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A Holocaust survivor and her family saw ‘Leopoldstadt.’ The Broadway play told their story.

(New York Jewish Week) — On a Wednesday evening last month, three generations of a Jewish family made their way to their seats at the Longacre Theater to see “Leopoldstadt,” Tom Stoppard’s epic Broadway play about the tragedies that befall an extended Jewish family in the first half of the 20th century in Vienna.

The date of the family gathering was a significant one: Nov. 9, the 84th anniversary of the Nazi pogroms known as Kristallnacht. And in the audience was Fini Konstat, 96, who lived in the once thriving Jewish neighborhood after which the play is named, and witnessed the horrors it portrays first-hand. Alongside her were her daughter and her son-in-law, Renee and James Akers, and her oldest great-grandchild, Lexi Levin, 23.

When Konstat was a child, she lived in a “nice apartment” in Leopoldstadt. But exactly 84 years to the day of their theater date, “I was running with my father, seeing all the Jewish stores with all their windows broken,” she told Levin in a short video her great-granddaughter filmed before the curtain rose.

“It’s such a blessing for me to be here with you,” Levin said to her great-grandmother in response. “Ninety-six years old, survived a pandemic, at a Broadway show in New York City.”

Left: Fini as a child on the balcony of her apartment in Leopoldstadt. Right: Fini with her three children in front of the very same building, pictured in 2015. (Courtesy)

Since the beginning of its Broadway run in mid-September, “Leopoldstadt,” with its depiction of a prosperous Viennese family on the brink of destruction, has moved audiences to tears and inspired deep reflections on the Holocaust. Based on the celebrated playwright’s own family history — of which he was barely aware while growing up in England — it has provided a stark counterpoint to news about rising antisemitism and the celebrities who have been purveying it.

But for Konstat, the play was much more personal. “When I heard the word ‘Leopoldstadt,’ this alone gave me lots of thrills and memories,” Konstat, who is known in her family as Mimi, told the New York Jewish Week in accented English. She recalled how Levin, who recently moved to the city, invited her to fly to New York to see one of Broadway’s hottest tickets.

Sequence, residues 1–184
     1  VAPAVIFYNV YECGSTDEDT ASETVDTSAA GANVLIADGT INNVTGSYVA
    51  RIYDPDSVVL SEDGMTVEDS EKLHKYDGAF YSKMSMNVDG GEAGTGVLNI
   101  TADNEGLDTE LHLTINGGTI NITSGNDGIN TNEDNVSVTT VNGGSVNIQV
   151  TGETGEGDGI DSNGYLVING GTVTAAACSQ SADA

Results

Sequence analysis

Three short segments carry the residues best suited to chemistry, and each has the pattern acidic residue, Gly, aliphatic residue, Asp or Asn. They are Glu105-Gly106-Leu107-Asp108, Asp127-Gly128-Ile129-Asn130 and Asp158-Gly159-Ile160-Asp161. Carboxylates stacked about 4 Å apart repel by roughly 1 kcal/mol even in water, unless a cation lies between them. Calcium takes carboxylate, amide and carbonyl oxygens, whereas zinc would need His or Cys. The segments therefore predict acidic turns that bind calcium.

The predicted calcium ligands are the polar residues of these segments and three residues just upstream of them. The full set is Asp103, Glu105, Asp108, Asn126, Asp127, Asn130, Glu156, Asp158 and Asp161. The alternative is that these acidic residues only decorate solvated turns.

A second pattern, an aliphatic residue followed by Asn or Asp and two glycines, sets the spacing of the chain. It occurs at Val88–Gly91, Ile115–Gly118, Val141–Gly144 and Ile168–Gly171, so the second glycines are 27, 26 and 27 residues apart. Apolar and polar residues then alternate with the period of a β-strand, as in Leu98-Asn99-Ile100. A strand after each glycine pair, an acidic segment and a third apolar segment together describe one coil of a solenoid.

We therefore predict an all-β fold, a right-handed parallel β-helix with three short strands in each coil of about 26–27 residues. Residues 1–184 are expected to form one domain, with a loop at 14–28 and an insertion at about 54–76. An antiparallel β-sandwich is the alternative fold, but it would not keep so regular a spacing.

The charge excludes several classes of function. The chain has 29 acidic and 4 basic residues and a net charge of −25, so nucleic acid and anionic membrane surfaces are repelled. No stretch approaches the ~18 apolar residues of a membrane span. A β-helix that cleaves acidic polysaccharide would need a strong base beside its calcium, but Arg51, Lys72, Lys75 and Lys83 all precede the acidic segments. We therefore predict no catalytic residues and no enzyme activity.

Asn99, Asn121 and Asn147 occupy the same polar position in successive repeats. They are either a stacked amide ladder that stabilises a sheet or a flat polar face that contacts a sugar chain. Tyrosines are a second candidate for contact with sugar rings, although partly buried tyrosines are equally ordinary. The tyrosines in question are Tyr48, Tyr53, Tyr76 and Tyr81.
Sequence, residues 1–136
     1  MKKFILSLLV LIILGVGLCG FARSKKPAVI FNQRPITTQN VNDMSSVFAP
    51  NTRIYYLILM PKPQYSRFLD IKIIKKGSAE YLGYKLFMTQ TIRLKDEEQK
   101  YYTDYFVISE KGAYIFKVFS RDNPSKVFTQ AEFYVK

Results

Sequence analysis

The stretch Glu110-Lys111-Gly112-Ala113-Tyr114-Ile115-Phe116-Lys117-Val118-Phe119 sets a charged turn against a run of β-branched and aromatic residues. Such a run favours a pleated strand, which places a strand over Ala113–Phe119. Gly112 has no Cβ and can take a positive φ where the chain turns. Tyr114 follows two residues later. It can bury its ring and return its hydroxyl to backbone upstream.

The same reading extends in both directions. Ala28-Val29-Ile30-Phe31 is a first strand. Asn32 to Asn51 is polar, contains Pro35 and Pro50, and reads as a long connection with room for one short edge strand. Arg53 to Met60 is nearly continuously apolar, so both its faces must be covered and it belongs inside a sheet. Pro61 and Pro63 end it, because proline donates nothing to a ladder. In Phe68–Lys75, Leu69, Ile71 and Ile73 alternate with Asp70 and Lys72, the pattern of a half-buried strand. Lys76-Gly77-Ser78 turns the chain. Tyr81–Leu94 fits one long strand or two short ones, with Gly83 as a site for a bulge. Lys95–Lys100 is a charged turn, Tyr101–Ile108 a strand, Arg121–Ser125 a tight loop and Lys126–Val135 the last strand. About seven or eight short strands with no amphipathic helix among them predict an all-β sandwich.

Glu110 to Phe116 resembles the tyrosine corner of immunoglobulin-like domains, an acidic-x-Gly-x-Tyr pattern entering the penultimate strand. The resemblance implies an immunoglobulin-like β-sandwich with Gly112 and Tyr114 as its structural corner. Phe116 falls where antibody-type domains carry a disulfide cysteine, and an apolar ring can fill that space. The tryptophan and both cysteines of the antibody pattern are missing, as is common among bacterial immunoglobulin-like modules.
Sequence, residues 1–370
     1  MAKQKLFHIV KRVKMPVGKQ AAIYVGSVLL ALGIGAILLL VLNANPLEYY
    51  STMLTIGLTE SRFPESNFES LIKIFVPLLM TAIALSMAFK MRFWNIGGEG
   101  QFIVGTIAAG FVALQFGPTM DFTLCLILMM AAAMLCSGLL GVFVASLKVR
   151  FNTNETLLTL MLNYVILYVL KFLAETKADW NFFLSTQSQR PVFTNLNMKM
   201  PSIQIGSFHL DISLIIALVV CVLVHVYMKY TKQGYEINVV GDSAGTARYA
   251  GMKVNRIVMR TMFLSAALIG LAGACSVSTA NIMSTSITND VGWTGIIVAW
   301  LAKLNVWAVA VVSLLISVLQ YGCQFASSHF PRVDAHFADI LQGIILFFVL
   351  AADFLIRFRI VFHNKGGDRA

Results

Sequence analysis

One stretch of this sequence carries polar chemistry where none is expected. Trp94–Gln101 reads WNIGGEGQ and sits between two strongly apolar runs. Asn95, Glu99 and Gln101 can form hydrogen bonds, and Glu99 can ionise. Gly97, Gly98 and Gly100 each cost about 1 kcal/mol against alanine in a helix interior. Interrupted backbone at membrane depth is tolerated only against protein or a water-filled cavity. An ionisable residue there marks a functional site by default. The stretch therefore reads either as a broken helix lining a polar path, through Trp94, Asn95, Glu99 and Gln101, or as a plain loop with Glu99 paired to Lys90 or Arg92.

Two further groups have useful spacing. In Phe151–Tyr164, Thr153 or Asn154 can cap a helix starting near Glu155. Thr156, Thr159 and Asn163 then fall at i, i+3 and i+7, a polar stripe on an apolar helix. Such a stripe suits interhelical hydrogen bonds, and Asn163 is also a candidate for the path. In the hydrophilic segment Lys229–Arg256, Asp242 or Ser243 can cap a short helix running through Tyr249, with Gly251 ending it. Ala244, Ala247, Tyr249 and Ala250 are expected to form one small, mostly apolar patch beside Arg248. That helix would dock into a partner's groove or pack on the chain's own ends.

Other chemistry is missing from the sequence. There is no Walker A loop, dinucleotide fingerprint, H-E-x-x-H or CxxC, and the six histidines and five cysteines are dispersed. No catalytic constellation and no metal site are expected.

“Leopoldstadt,” she repeated, her voice breaking. “The second district. That’s where we lived.”

At the end of Stoppard’s five-act play, audiences learn that most of the Jewish characters had perished under the Nazis — of the four generations in the show, just three cousins survive to carry on the family’s legacy.

For Konstat too, she and her parents were among the very few in their extended family to survive the Holocaust. “Almost all of them went to Auschwitz or other camps,” Konstat said. “My mother was a twin and only the twins remained alive. [My mother’s] five other siblings and my grandmother perished.”

L-R: Renee Akers, James Akers, Lexi Levin and Fini Konstat at the Longacre Theater to see Tom Stoppard’s ‘Leopoldstadt on Broadway,’ Nov. 9, 2022. (Courtesy)

In a Zoom conversation held over Thanksgiving weekend, Konstat, surrounded by two of her daughters, two of her granddaughters and three of her great-granddaughters, shared what the play meant to her — and how her family has restored what she lost.

In the months after Kristallnacht in 1938, Konstat and her parents hid in a neighbor’s apartment; Konstat recalls hiding under the duvet when German soldiers showed up. Eventually the family fled to Turkey, and then to India, before settling down in Mexico City. There, the teenage Fini met her husband David, also a survivor who escaped Poland. The two of them began to write the rest of their story — starting with the birth of the first of their three children in 1948.

Unlike many Holocaust survivors, Fini and David Konstat were open about their experiences during the war, instilling a sense of pride and duty to remember in their children — something that eventually extended to their grandchildren and great-grandchildren.

“They were proud to speak about how they survived this,” said the Konstats’ middle child, Renee Konstat Akers. “Their life was an odyssey. They had the courage to do things that you would never think were possible. We grew up grateful knowing how our family survived in that incredible way.”